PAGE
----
providing a Peltier device in thermal contact with the at least one image sensor; and controlling the temperature of the at least one image sensor using said Peltier device by at least transferring heat to the body housing via the heat pipe.

22. A method as claimed in claim 21 wherein controlling the temperature of the at least one image sensor using said Peltier device, includes: varying the operation of the Peltier device to operate the at least one image sensor at a stable temperature.

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Claim Tree

  • 1
    1. A camera including:
    • a body module and an image capture module
    • the image capture module, including: a housing containing: at least one image sensor to convert light into electrical signals
    • an optical system associated with the at least one image sensor and arranged to transmit light through the housing to the at least one image sensor
    • and a lens mount including a coupling to releasably engage an optical module to connect the optical module to the image capture module
    • the body module including: a body housing having ventilation openings to enable air to move through the body housing
    • a thermal control subsystem including a fan configured to move air through the ventilation openings in the body housing to dissipate heat generated in the image capture module
    • and a data storage subsystem to store data derived from an image sensor of the image capture module
    • said camera further including an active cooling system thermally coupled to the at least one image sensor and arranged to transfer heat away from the at least one image sensor and provide a thermal interface with the body module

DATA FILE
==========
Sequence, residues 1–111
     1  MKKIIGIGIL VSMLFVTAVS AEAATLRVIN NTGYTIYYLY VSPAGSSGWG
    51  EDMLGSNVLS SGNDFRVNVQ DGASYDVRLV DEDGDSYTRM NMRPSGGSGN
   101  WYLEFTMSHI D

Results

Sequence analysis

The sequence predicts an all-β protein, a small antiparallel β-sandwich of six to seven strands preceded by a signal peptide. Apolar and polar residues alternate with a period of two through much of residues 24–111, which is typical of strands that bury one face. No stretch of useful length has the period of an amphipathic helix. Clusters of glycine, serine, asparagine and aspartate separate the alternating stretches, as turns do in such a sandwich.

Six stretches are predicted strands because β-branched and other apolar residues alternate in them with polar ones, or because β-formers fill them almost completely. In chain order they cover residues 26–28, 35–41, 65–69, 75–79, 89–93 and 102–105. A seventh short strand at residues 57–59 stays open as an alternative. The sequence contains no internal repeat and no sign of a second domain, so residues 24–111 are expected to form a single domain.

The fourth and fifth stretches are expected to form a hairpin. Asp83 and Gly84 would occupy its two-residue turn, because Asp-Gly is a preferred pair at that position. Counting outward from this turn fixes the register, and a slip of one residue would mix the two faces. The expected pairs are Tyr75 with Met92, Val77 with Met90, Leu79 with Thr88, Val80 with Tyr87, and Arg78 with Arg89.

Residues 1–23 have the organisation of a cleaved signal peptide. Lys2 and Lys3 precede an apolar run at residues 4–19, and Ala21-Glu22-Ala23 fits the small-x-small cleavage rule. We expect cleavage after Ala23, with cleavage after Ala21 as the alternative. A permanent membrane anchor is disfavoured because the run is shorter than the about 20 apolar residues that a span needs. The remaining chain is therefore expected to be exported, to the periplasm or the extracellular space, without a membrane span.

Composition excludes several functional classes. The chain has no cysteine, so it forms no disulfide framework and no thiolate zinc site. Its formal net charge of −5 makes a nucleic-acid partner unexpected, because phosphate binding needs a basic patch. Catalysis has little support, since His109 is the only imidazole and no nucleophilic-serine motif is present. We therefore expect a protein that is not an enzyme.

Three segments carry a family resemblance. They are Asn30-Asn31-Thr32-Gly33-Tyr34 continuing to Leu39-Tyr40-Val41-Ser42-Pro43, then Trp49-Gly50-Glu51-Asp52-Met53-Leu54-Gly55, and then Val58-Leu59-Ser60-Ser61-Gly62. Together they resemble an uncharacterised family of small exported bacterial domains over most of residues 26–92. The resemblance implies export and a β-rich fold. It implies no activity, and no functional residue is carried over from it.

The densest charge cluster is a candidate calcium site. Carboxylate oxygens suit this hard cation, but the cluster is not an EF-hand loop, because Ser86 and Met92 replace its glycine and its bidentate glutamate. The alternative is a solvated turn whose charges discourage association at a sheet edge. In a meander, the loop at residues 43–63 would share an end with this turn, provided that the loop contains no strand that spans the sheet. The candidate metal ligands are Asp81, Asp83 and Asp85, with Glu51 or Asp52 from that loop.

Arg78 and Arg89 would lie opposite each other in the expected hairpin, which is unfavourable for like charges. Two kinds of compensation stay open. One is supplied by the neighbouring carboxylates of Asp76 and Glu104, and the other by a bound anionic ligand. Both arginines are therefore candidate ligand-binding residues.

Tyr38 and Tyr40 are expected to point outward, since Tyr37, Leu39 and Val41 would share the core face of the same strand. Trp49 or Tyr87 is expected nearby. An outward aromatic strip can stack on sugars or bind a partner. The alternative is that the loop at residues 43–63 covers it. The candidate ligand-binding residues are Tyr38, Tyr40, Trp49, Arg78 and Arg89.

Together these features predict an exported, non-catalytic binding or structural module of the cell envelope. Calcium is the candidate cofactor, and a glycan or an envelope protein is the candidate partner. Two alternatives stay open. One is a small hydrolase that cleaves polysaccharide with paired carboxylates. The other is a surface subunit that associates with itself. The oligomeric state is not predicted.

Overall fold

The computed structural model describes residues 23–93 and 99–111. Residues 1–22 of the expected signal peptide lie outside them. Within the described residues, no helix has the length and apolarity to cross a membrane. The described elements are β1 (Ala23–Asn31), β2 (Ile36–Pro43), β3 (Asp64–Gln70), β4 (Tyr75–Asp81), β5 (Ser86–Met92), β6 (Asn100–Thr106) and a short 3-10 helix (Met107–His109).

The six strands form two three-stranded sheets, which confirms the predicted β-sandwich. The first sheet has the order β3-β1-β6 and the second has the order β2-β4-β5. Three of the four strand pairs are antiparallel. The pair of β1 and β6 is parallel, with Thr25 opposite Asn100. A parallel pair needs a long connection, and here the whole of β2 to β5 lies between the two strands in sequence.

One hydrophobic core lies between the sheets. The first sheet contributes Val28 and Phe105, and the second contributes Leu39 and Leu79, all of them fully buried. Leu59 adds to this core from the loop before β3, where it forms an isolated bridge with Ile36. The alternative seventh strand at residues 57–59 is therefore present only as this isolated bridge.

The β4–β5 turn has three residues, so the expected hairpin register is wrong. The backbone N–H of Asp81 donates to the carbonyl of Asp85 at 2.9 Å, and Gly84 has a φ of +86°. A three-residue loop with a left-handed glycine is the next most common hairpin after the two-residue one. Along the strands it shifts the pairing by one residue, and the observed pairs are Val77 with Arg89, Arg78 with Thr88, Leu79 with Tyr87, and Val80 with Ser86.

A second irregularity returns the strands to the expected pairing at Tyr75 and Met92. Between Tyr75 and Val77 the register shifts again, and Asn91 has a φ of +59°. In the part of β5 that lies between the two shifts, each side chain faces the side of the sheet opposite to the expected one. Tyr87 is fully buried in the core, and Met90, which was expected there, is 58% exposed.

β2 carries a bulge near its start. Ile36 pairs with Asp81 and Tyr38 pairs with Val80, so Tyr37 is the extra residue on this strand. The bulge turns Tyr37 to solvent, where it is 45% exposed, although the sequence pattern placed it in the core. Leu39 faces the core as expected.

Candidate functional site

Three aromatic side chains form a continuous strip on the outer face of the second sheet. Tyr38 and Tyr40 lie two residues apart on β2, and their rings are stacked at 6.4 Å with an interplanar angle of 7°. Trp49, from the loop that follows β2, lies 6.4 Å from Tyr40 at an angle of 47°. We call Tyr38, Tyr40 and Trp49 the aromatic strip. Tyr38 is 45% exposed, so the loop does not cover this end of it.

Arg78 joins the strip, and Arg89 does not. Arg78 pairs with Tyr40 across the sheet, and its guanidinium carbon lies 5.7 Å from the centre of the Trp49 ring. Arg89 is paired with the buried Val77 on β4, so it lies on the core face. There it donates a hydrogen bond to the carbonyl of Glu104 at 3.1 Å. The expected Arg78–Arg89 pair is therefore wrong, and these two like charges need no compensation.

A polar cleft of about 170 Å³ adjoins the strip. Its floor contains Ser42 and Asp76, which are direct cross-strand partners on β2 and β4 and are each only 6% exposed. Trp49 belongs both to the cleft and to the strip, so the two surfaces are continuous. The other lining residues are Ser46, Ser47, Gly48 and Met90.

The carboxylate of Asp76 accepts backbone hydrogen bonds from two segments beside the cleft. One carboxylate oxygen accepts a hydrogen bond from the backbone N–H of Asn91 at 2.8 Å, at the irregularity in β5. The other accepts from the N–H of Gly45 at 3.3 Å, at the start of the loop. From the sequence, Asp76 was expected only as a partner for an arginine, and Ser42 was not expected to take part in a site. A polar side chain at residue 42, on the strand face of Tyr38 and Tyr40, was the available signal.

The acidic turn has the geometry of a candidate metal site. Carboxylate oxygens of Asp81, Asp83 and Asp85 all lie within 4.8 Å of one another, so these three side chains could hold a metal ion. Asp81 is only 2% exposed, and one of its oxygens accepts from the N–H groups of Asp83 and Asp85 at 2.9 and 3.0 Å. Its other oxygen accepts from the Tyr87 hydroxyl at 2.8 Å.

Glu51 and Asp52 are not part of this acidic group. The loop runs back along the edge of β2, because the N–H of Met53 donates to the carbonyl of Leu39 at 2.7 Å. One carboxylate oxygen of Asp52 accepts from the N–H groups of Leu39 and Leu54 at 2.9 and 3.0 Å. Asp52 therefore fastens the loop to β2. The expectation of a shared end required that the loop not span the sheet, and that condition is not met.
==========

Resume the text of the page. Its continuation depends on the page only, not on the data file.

• and a heat pipe configured to transfer heat from the active cooling system to the body housing for dissipation by the body module.
    • 2. The camera of claim 1 wherein
      • at least one of the following additional subsystems is mounted within the body module: a power supply subsystem arranged to supply power to the image capture module; a data processing system to process image data received from an image sensor of the image capture module; a user interface subsystem to enable user control of the image capture module; or an input/and or output subsystem to enable data or electrical connection to another device.
    • 3. The camera of claim 1 wherein
      • the at least one image sensor has an imaging plane, and wherein
    • 5. The camera of claim 1 wherein
      • the optical system of the image capture module includes one or more light transmissive elements in front of and covering the at least one image sensor.
    • 8. The camera of claim 1 wherein
      • the image capture module is a sealed image capture module and includes a rear seal sealing at least one of a substrate and/or the at least one image sensor to the housing of the image capture module.
    • 9. The camera of claim 1 wherein
      • the active cooling system coupled to the at least one image sensor arranged to transfer heat away from the at least one image sensor includes a Peltier cooler, and wherein
    • 12. The camera of claim 1 wherein
      • the image capture module includes a generally tubular body with said lens mount located at one end thereof and a substrate carrying the at least one image sensor mounted adjacent to the other end thereof.
    • 14. The camera of claim 1 wherein